UNITED STATES DISTRICT COURT FOR THE EASTERN DISTRICT OF NEW YORK
April 26, 1978
LEONARD LEOPOLD, et al., Plaintiffs,
U.S. CIVIL SERVICE COMMISSION, et. al., Defendants
Eugene H. Nickerson, United States District Judge.
The opinion of the court was delivered by: NICKERSON
EUGENE H. NICKERSON, UNITED STATES DISTRICT JUDGE
This is a class action brought in 1971 by certain attorneys employed by the Immigration & Naturalization Service ("I.N.S.") of the Department of Justice of the United States. The attorneys commenced administrative proceedings on September 26, 1967, more than ten years ago, to have their job grade reclassified from GS-12 to GS-14. The Department of Justice denied their application, and the decision was affirmed by the Chief of the Classification Appeals Office ("C.A.O.") of the Civil Service Commission by letter dated May 31, 1968.
On reconsideration the same Chief modified his earlier ruling and stated on April 3, 1969 that plaintiffs were properly classifiable at grade GS-13. A further request for reconsideration was denied on October 23, 1970, and in March 1971, plaintiffs commenced this action, asserting that the Commission's decisions were arbitrary and capricious in that they focused only on the type of cases handled by plaintiffs and not on their hearing officer functions and level of responsibility. Plaintiffs asked the court either to reclassify them retroactively at level GS-14 or to remand the case to the Commission, and to determine money damages.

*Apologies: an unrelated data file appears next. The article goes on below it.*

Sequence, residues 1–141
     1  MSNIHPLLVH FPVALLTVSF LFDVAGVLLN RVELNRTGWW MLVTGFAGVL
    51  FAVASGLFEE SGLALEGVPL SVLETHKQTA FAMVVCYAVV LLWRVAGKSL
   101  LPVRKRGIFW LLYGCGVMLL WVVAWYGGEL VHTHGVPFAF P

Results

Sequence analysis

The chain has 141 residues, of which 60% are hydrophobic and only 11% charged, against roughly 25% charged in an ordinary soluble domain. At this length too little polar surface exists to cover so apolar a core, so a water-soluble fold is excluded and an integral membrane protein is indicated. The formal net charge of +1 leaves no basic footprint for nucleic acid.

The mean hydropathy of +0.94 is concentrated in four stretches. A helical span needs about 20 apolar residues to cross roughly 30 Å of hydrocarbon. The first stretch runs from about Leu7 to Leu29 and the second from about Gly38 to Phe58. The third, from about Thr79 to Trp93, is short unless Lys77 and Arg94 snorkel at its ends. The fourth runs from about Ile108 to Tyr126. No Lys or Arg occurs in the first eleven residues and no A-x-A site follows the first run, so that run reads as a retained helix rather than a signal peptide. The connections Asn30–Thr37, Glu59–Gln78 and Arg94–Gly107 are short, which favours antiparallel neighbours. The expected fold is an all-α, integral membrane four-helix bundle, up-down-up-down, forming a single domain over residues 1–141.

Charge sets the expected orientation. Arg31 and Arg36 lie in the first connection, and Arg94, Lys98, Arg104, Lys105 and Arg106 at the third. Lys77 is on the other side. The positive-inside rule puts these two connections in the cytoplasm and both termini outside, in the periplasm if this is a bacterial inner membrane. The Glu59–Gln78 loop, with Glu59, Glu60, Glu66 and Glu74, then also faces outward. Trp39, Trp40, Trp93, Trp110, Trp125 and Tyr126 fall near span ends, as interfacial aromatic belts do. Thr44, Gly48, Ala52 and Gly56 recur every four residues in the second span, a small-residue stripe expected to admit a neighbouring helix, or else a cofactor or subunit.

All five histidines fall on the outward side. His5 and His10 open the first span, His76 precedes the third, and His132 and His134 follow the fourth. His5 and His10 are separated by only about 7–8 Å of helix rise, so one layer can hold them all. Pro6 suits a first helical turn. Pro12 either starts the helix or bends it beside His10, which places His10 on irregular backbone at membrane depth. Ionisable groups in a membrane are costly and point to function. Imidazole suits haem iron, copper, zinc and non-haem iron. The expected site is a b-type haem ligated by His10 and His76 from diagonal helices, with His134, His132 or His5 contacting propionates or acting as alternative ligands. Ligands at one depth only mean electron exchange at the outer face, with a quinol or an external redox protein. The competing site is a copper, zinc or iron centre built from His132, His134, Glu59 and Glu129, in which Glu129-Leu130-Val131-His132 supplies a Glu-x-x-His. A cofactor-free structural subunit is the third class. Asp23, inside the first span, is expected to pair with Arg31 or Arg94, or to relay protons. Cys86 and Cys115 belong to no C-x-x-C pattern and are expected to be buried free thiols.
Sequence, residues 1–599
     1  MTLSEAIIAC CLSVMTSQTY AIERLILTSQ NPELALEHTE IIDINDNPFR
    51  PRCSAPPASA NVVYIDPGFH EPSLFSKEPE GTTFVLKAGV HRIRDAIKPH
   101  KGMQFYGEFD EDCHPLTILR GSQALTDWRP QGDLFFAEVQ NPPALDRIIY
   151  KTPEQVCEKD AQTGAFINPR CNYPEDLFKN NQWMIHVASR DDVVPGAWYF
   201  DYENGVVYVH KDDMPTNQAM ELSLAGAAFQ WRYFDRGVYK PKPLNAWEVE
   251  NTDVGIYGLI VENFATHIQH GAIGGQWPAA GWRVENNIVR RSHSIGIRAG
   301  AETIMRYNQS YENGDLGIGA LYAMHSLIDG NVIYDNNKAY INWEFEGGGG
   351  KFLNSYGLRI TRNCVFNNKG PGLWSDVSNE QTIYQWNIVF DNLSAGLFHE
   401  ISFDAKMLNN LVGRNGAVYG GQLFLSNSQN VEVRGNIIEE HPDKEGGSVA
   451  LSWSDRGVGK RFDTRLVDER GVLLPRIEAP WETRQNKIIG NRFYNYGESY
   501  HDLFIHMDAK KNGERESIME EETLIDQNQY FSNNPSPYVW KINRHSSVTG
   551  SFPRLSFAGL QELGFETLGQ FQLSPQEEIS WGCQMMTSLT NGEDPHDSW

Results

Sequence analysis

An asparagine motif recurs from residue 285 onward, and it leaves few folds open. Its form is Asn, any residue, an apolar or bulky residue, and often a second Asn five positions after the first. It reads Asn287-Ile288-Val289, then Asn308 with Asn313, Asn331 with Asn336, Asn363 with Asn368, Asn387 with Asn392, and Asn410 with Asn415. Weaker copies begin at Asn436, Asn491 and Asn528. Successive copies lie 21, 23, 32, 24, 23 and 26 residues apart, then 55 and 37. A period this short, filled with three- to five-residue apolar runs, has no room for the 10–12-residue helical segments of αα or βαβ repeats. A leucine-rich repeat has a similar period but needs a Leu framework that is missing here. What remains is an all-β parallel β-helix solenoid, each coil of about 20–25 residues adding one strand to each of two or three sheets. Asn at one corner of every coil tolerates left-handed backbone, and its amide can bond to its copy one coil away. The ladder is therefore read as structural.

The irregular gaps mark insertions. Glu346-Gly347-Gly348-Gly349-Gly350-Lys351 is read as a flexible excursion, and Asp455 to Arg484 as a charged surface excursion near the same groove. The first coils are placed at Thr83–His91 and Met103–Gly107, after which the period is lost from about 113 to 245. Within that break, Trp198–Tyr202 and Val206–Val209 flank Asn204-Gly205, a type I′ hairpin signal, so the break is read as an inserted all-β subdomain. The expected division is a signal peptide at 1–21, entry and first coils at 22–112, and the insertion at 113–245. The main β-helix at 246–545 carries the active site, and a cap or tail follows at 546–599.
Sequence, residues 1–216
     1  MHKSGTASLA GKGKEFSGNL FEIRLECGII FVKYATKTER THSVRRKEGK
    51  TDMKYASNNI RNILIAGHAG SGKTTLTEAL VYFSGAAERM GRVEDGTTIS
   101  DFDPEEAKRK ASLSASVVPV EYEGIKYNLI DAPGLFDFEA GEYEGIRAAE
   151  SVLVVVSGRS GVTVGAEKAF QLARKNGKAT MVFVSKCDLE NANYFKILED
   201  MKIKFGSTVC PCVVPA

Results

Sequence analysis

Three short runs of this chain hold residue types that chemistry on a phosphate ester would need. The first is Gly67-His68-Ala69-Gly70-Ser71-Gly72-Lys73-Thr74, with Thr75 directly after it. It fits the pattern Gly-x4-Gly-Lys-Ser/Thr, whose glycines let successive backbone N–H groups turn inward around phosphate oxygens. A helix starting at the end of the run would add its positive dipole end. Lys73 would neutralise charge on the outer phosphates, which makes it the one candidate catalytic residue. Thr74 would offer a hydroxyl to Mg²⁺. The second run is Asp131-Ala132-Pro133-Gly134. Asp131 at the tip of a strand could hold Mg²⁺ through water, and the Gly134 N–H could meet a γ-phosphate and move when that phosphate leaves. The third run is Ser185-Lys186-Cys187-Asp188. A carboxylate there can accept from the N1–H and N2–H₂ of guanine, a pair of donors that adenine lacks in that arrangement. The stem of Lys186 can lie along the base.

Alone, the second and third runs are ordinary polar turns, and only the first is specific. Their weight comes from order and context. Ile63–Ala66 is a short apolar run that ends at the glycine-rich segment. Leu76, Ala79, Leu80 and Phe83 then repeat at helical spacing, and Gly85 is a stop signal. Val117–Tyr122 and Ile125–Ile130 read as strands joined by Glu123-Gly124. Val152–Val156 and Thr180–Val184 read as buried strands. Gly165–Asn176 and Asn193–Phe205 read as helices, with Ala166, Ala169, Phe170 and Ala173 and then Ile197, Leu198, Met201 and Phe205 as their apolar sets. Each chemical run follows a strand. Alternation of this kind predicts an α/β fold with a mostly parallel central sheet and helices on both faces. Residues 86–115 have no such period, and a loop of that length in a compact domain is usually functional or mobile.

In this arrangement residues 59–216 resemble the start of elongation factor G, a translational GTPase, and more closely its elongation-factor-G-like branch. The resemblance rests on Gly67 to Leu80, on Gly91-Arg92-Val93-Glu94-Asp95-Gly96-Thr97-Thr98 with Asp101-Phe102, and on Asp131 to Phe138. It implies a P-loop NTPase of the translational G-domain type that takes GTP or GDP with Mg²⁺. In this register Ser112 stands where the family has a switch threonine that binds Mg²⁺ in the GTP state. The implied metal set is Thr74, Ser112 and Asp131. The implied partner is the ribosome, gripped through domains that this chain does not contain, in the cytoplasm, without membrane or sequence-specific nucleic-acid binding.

By order of Judge Rosling dated July 23, 1972, the case was designated as a class action on behalf of all similar attorneys employed by I.N.S. in grade GS-13. On March 29, 1974, Judge Judd, who assumed responsibility for the case after the death of Judge Rosling, considered plaintiffs' motion for summary judgment and remanded the case to the Commission, finding that it had been "arbitrary in not considering all the statutory criteria." In brief, Judge Judd held that the Commission's failure to consider one of those criteria, namely, level of responsibility, was an abuse of discretion as that term is defined in the Administrative Procedure Act.
Judge Judd concluded that it would be inappropriate for the court to reclassify plaintiffs, not only because there were factual matters in dispute, but also because, "absent a showing that the Commission's administrative conduct is 'beyond repair'" [cf. Office of Communication v. Federal Communications Commission, 138 U.S. App. D.C. 112, 425 F.2d 543, 550 (1969)], such an order would be "beyond the scope of this court's authority." He ordered the matter remanded to the Commission for restudy in a manner that would eliminate its capricious and arbitrary action, and in particular for "a re-evaluation of plaintiffs' positions with specific reference to the level of responsibility factor."